The IFJ has backed demands by the UK’s National Union of Journalists (NUJ) for equal pay for women workers.
The call comes as the union announce its was supporting 100 members at the BBC with equal pay claims and following the results of a survey which demonstrate eight out of 10 women workers believe they are being paid less than their male counterparts.
Over 78 per cent of respondents to an NUJ survey – published last week - said they knew or believed that men doing the same or comparative roles got better pay than their female counterparts. The findings followed the publication by the BBC of the on-air "talent" who earned more than £150,000. The list showed that only a third were women and of the 96 named only 10 were from black or minority ethnic backgrounds.
The union is now representing over 100 women who work across the BBC in a variety of roles and grades who have an equal pay claim. The BBC’s own report of its graded staff, overseen by Sir Patrick Elias, the former Appeal Court judge, concluded that there was "no systemic discrimination against women in the BBC’s pay arrangements".
The report did not include the on-air talent, which is subject to a separate review about to commence and will run until January 2018. The NUJ survey showed a different picture.
Comments included: "I am the same age as my male colleague, have worked alongside him for 20 years in the same job, but he is paid more than me." "I know a colleague who does similar work is paid 20 per cent more than me." "I believe I am paid less than all the men in my team."
Michelle Stanistreet, NUJ general secretary, said: "Men are often paid more than women because of outright discrimination, dated recruitment practices and inflexible working practices which make it difficult for women to juggle work and family life. Then there are the cases where women are not being paid the same even when they are doing the same job as their male colleague.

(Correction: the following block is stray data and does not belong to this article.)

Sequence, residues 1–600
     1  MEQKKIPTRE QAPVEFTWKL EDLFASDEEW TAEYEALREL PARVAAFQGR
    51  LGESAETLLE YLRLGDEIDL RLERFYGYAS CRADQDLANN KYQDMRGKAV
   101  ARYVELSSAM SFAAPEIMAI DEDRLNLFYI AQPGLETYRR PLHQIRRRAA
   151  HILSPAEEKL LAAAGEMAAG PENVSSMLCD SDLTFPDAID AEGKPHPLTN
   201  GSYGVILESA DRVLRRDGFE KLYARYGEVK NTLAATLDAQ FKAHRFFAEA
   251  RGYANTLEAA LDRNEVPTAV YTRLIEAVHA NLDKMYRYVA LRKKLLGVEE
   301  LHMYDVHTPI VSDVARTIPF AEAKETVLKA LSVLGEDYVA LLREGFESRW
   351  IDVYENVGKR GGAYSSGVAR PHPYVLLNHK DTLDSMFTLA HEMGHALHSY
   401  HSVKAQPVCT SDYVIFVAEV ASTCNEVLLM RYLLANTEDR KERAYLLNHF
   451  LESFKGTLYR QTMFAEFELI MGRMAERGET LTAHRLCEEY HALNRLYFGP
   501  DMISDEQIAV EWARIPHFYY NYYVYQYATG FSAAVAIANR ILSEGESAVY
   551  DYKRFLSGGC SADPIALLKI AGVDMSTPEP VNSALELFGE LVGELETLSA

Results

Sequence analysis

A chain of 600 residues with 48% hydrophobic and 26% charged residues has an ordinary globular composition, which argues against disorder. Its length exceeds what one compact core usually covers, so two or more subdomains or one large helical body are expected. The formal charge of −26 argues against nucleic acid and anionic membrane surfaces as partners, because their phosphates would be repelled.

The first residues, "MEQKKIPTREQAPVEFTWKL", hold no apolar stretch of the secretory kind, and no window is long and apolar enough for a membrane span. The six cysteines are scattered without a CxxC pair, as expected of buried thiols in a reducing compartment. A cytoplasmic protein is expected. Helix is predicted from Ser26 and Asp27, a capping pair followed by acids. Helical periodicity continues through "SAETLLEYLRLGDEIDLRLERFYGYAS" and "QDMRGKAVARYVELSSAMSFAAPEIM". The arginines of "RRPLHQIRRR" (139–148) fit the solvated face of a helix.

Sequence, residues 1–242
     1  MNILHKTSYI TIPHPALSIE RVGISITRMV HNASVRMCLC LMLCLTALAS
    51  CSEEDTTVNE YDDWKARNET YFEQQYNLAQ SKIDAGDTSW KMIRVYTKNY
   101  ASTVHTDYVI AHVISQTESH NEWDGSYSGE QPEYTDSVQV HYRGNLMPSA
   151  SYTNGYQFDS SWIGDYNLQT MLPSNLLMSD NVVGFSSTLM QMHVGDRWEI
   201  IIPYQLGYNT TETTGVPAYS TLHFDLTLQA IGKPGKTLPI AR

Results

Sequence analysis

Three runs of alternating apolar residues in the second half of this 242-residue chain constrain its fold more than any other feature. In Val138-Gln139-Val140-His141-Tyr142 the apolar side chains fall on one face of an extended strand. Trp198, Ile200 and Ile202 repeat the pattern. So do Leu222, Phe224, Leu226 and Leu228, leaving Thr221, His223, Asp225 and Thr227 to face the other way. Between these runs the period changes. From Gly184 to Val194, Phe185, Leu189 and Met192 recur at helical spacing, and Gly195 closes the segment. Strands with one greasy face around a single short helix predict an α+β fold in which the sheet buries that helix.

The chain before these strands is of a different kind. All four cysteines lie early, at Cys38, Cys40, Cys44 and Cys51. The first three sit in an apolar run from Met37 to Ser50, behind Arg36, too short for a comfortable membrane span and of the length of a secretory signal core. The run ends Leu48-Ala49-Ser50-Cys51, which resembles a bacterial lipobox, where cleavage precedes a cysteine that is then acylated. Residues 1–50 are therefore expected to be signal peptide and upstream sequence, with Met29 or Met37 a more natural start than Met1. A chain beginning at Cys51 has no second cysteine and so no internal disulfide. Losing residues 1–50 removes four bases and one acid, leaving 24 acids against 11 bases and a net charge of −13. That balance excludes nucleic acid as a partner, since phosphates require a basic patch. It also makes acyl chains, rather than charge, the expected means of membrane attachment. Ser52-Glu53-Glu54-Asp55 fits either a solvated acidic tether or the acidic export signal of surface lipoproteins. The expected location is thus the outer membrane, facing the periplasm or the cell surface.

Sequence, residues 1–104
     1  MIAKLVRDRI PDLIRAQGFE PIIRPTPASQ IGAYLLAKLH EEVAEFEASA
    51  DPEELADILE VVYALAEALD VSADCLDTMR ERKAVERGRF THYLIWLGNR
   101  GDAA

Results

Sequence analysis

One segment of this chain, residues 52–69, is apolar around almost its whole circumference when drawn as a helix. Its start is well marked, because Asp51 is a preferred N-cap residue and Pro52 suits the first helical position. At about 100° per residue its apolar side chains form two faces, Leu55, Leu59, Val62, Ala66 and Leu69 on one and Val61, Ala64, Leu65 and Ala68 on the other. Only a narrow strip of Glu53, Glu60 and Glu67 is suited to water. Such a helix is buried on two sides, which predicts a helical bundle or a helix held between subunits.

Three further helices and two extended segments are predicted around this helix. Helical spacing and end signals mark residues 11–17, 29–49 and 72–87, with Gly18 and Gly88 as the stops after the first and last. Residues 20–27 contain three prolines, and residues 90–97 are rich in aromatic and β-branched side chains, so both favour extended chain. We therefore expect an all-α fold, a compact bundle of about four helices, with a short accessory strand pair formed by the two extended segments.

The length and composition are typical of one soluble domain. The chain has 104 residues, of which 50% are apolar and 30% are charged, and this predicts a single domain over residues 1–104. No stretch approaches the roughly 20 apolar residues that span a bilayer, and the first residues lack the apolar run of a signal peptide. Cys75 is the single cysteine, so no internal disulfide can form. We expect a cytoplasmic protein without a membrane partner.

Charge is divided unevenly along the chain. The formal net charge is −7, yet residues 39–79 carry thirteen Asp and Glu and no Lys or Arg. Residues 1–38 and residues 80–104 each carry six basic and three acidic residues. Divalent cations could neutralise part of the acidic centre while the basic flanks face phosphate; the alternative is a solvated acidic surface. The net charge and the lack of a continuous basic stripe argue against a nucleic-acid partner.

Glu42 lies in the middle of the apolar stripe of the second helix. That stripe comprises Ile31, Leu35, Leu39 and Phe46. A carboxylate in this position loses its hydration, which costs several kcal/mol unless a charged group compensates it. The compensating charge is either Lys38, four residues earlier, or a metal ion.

“We have secured a commitment from the BBC to address the cases that NUJ members have brought forward – we are clear that in the course of pursuing these cases, industrially or through litigation, that we will not tolerate inequality and unequal pay.
“We know that many other employers in the media industry are also offenders and will be working with our members in workplaces to carry out a series of surveys and studies, making equal pay a key industrial propriety for the NUJ.”
IFJ General Secretary Anthony Bellanger said: “Decades after legislation was introduced to end the gender pay gap the reality is still that women workers continue to be treated unfairly. Congratulations to the NUJ for taking up this crucial inequality”.
The UK is among the worst performing EU states on improvements to gender equality. Analysis by the TUC showed that the average woman has to wait nearly a fifth of a year before she starts to get paid, compared to the average man. Latest figures showed that the whole workforce gender pay gap is 18.4 per cent; this figure is much wider than the full-time media pay gap of 9.1 per cent, because it includes the two-fifths of female employees who work part-time.
The media industry reflects this sorry trend. The Reuters Institute for the Study of Journalism report, Journalists in the UK, found that more than half of women in the media earned less than £2,400 a month compared with 35 per cent of men – and they were less likely to be promoted than their male colleagues. The Chartered Institute of Public Relations 2017 edition of its State of the Profession revealed a pay inequality gap of £5,784, a modest reduction of £220 on the previous year’s figure.
One reason for the lack of action on the gender gap could be the paucity of women on the boards of media companies. The BBC has 10 men and four women, the proportion at Sky is 11:3, ITV 7:3, ITN 7:1; Channel 4 9:3; Trinity Mirror 6:2, Archant 6:1, Johnston Press 6:1 and Newsquest 13:2.